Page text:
AOC, Tlaib, Pressley urge Biden to replace Powell as Fed chair

White House plans to announce Fed chair decision by Labor Day

Leading progressive Democrats, including Rep. Alexandria Ocasio-Cortez, on Tuesday called for Federal Reserve Chairman Jerome Powell to be replaced, exerting fresh pressure on President Biden as prepares to make one of the most consequential economic decisions of his presidency.

"We urge President Biden to reimagine a Federal Reserve focused on eliminating climate risk and advancing racial and economic justice," the lawmakers said in a statement Tuesday morning. Along with Ocasio-Cortez, the statement was signed by fellow progressives Reps. Rashida Tlaib of Michigan, Ayanna Pressley of Massachusetts, Mondaire Jones of New York and Chuy Garcia of Illinois.

Powell, a lawyer by training and a former Republican Treasury official, was nominated to lead the U.S. central bank four years ago by former President Donald Trump. 

He is generally respected on Wall Street and well-liked among lawmakers in both parties after the U.S. central bank interceded without hesitation to stave off a financial crisis as the pandemic shut down the nation's economy. Fed chairs – one of the most powerful players in Washington, with the ability to dictate the pace of economic growth – are typically nominated for a second term, often to reinforce the central bank's independence from politics.  


Powell's term officially ends in February 2022, but the White House has indicated it will make a decision by Labor Day. 

Although the progressive lawmakers acknowledged the Fed under Powell has "made positive changes to its approach to full employment," they called on Biden to "reimagine" how the U.S. central bank operates by tapping a leader who's more focused on mitigating climate risk and favors more strictly regulating big banks.

Under Powell, the Fed reduced certain regulations on big banks, including making it easier for them to make risky trades and easing tests that examine if they could withstand another major economic downturn.

"Weakening financial regulations that were specifically created to prevent such a disaster from happening again risks the livelihoods of Americans across the country," the lawmakers said. "To move forward with a whole of government approach that eliminates climate risk while making our financial system safer, we need a Chair who is committed to these objectives."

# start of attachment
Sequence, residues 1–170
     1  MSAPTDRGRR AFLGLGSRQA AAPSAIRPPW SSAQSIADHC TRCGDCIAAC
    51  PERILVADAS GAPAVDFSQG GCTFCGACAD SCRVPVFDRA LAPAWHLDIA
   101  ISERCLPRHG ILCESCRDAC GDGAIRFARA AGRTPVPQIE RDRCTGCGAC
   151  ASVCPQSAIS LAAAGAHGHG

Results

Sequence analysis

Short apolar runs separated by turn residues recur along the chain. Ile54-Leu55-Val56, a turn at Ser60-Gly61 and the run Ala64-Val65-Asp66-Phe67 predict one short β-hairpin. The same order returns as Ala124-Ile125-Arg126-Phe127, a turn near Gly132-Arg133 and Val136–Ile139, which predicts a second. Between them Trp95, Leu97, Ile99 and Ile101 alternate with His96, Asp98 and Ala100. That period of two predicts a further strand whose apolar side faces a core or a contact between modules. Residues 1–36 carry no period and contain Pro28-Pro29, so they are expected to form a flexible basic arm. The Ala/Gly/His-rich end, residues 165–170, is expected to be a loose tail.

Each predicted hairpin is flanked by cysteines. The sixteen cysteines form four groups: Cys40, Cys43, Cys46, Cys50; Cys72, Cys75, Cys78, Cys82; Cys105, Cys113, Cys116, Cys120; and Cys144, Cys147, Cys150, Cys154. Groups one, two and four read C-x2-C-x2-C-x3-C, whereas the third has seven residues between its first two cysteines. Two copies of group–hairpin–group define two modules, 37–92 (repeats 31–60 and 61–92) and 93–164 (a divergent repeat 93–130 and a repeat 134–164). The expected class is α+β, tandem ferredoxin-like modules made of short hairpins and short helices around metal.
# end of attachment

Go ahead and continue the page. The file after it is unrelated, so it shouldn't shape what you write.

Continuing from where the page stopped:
Still, Powell has reportedly secured a key endorsement from Treasury Secretary Janet Yellen, boosting his odds of a second term, given her nearly two decades of experience at the Fed, including four years leading the central bank. Yellen also has worked directly with Powell, who served as a governor at the Fed under her tenure.


In 2018, Powell replaced Yellen at the helm of the Fed, making her the first chair to not be reappointed after serving a first full-term.

The White House's decision comes as Fed policymakers grapple with how to start unwinding some of the ultra-easy monetary policies put in place to support the U.S. economy during the pandemic. It's a difficult needle to thread, with Fed officials attempting to strike a delicate balance between surging inflation and the still-recovering labor market.

Fed policymakers in July committed to holding the benchmark federal funds rate at a range between 0% and 0.25%, where it has been since March 2020, and to keep purchasing $120 billion in bonds each month, a policy known as "quantitative easing" that's designed to keep credit cheap.

But Powell, speaking last week during the Fed's annual Jackson Hole symposium, indicated he supported reducing monthly asset purchases sometime this year.


"At the FOMC's recent July meeting, I was of the view, as were most participants, that if the economy evolved broadly as anticipated, it could be appropriate to start reducing the pace of asset purchases this year," Powell said. "The intervening month has brought more progress in the form of a strong employment report for July, but also the further spread of the delta variant. We will be carefully assessing incoming data and the evolving risk."